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The Great Supermarket Cover Up: Naked vegetables choking in plastic

by Karen Mak on 03/09/2017

Growing public disapproval of one-time-use plastics and consumer willingness to shop elsewhere may force supermarkets, vendors and brands to reconsider the practice of packaging fresh fruit and produce in multiple layers of unnecessary plastics and wrapping.

Red Ocean Solutions sent 161 members of its SmartRocket community, a trained mobile workforce assigned to retail auditing, into 161 supermarkets across Hong Kong to observe the use of plastic packaging of fresh produce items and to gauge their own opinions and practices on the subject.

The reported use of plastic packaging and wrapping was not encouraging;

  • Agents estimated that 57% of all fresh fruit and vegetables were wrapped or packaged in some sort of plastic
  • 24% of supermarkets visited had plastic packaged 76-100% of all fresh produce.
  • 33% of all plastic packaging on fresh produce was “unnecessary”, per the mean score of all agents
  • According to agents, 19% of the supermarkets wrapped more than 50% of the fresh fruit and vegetables unnecessarily while 8% said the figure was as high as 80%.

The agents opinions, as consumers, are at odds with supermarket practices;

  • 86% of the 160 agents believe that supermarkets are using excessive plastic packaging, with 20% believing that it was “way too much
  • Supermarkets have strong competition from wet markets with 44% of agents’ households mostly buying fresh produce from wet markets compared to 52% who mostly purchase at chain supermarkets.
  • 90% believe that supermarkets should use less plastic wrapping and packaging on fresh produce.
  • 83% are concerned about the amount of plastic garbage in the sea and waterways around Hong Kong
  • One third claimed they had declined purchasing a desired fresh produce item because they believe it had excessive plastic packaging
  • 98% of agents said they would bring their own shopping bag while 86% claimed that the fifty-cent plastic bag levy imposed on supermarkets was an effective deterrent.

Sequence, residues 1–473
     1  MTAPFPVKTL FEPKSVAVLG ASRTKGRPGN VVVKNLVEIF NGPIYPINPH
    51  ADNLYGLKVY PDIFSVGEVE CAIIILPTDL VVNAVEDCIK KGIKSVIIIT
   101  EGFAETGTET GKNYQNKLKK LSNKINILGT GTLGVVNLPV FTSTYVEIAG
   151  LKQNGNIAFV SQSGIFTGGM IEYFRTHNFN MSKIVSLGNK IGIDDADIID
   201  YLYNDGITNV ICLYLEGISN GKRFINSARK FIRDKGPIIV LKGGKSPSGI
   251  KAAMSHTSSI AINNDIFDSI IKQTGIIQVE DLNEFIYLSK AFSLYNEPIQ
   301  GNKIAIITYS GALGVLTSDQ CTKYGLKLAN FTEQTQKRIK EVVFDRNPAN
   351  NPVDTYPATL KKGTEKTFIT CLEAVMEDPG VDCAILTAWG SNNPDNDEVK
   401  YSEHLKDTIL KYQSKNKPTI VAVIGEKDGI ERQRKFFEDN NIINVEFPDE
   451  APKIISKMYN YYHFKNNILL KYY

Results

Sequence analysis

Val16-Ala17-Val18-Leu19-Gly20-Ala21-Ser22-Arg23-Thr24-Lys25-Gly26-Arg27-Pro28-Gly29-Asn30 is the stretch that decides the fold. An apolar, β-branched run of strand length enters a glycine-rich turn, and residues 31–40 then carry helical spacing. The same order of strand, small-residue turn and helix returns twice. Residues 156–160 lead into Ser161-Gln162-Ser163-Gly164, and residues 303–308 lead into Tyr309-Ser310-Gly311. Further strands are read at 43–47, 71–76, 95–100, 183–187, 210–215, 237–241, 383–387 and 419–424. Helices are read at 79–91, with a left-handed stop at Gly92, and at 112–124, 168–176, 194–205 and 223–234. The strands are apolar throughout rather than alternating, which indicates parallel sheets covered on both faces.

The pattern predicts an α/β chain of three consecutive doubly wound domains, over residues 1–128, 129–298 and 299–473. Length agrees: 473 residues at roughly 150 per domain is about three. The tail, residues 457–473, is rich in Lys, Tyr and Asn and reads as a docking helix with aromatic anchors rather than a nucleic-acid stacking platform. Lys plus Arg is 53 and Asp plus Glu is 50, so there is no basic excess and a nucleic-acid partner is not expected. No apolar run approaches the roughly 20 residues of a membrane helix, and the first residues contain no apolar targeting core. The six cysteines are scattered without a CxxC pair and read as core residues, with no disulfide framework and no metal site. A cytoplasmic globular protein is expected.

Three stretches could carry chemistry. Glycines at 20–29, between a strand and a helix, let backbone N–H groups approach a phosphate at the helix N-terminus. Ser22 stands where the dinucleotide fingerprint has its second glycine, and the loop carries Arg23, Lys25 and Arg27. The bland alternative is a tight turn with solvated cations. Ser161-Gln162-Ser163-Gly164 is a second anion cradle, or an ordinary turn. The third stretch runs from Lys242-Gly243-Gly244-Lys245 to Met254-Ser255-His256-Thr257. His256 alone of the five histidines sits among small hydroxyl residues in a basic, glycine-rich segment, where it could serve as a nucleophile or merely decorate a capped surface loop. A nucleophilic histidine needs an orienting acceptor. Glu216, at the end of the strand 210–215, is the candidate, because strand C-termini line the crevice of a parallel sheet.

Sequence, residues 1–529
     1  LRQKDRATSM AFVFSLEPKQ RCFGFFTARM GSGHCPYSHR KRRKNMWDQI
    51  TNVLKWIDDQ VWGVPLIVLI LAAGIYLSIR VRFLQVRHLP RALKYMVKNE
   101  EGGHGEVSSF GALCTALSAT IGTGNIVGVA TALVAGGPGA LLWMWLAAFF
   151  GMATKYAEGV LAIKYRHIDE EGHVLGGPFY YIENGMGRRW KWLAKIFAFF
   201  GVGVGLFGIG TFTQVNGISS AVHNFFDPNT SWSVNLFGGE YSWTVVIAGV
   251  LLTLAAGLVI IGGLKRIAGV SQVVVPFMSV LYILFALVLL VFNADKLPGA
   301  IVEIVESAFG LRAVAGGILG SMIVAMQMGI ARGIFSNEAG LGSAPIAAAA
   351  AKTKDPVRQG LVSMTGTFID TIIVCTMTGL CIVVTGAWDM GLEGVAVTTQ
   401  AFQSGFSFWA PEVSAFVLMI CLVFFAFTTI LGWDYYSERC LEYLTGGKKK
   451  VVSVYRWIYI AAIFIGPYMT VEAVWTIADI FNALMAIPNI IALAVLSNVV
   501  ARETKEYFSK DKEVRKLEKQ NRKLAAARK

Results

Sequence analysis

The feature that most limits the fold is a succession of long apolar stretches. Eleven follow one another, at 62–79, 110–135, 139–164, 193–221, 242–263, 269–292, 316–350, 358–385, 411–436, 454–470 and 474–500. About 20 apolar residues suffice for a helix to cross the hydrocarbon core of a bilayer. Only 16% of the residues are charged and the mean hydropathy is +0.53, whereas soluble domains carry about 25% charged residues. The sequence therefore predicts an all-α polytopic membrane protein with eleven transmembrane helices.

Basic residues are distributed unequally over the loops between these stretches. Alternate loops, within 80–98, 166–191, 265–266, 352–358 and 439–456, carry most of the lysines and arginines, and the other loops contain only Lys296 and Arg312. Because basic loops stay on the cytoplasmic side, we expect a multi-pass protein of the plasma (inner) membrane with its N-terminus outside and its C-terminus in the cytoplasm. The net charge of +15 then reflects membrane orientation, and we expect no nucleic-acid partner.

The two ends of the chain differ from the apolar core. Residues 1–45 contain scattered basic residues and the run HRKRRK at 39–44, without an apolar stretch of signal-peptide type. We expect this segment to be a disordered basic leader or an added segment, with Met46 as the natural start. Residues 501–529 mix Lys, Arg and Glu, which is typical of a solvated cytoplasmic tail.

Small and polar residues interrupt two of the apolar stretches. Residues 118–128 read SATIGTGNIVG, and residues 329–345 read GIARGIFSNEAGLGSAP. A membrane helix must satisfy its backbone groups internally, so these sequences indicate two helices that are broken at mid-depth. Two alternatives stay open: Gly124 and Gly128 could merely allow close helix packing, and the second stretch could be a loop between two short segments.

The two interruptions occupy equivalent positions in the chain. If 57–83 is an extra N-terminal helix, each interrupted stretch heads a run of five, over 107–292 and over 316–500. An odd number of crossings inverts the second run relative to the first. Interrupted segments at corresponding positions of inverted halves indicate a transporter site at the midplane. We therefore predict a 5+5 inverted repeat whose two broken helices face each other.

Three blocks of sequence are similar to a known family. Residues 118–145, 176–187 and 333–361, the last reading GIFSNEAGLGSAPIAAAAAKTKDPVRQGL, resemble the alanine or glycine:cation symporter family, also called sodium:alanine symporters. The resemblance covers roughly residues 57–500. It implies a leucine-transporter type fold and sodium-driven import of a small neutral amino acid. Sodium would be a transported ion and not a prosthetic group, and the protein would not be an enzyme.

• When asked, what options were available if deciding that a fresh produce item is unnecessarily wrapped in plastic, 37% said they would consider shopping elsewhere, 34% would choose a different item and 22% would simply not buy the item. However, 33% said there was no viable alternative option.

Agents also submitted 465 photos showing what they believed was the “unnecessary” use of plastic packaging on fruits and vegetables. The common sight of bananas, coconuts, melons, apples, avocados and carrots gang wrapped and sometimes individually triple packaged with plastic trays, Styrofoam socks and cling film portrays a disheartening scene.

Perhaps more than any other category of supermarket items, consumers find it intuitively improper that healthy, fresh produce needs to be packaged in multiple layers of plastic and film. These are decisions that increasingly torment the conscience of the modern consumer in a city not famous for recycling.

Environmental protection groups have also been ramping up their anti-plastic activism in recent times to increase the awareness of wasteful practices and shining a light specifically on supermarkets as key perpetrators in the rising tide of consumer packaged goods plastics clogging the landfills, waterways, seas and beaches of Hong Kong and eventually making their way into the food chain via sea life that ends up on our dinner plates.

“The insanity that we are seeing over recent years of excessive, unnecessary plastic packaging highlights irresponsible corporations that are so far detached from their own corporate environmental pledges. They seem only interested in maximising profits by ‘enhancing the visual worth’ whilst allegedly reducing wastage by wrapping everything in plastic, all at the expense of the environment”, Gary Stokes, Director for South East Asia , Sea Shepherd Global

Through social media and viral videos consumers are finding it much easier to draw a clear and direct line between scenes of beautiful beaches covered in residential trash and their own lifestyle choices … but who will come to the rescue?

Will supermarkets and brands embrace the will of the public and change their practices to restore faith and preserve profits? Will governments introduce sterner legislation such as the plastic bag levy which has had a very significant impact on consumer practice? Or will consumers vote with their wallets and purchase their fresh produce needs from alternative sources?

With so much at stake and the battle in full swing, how will retail react?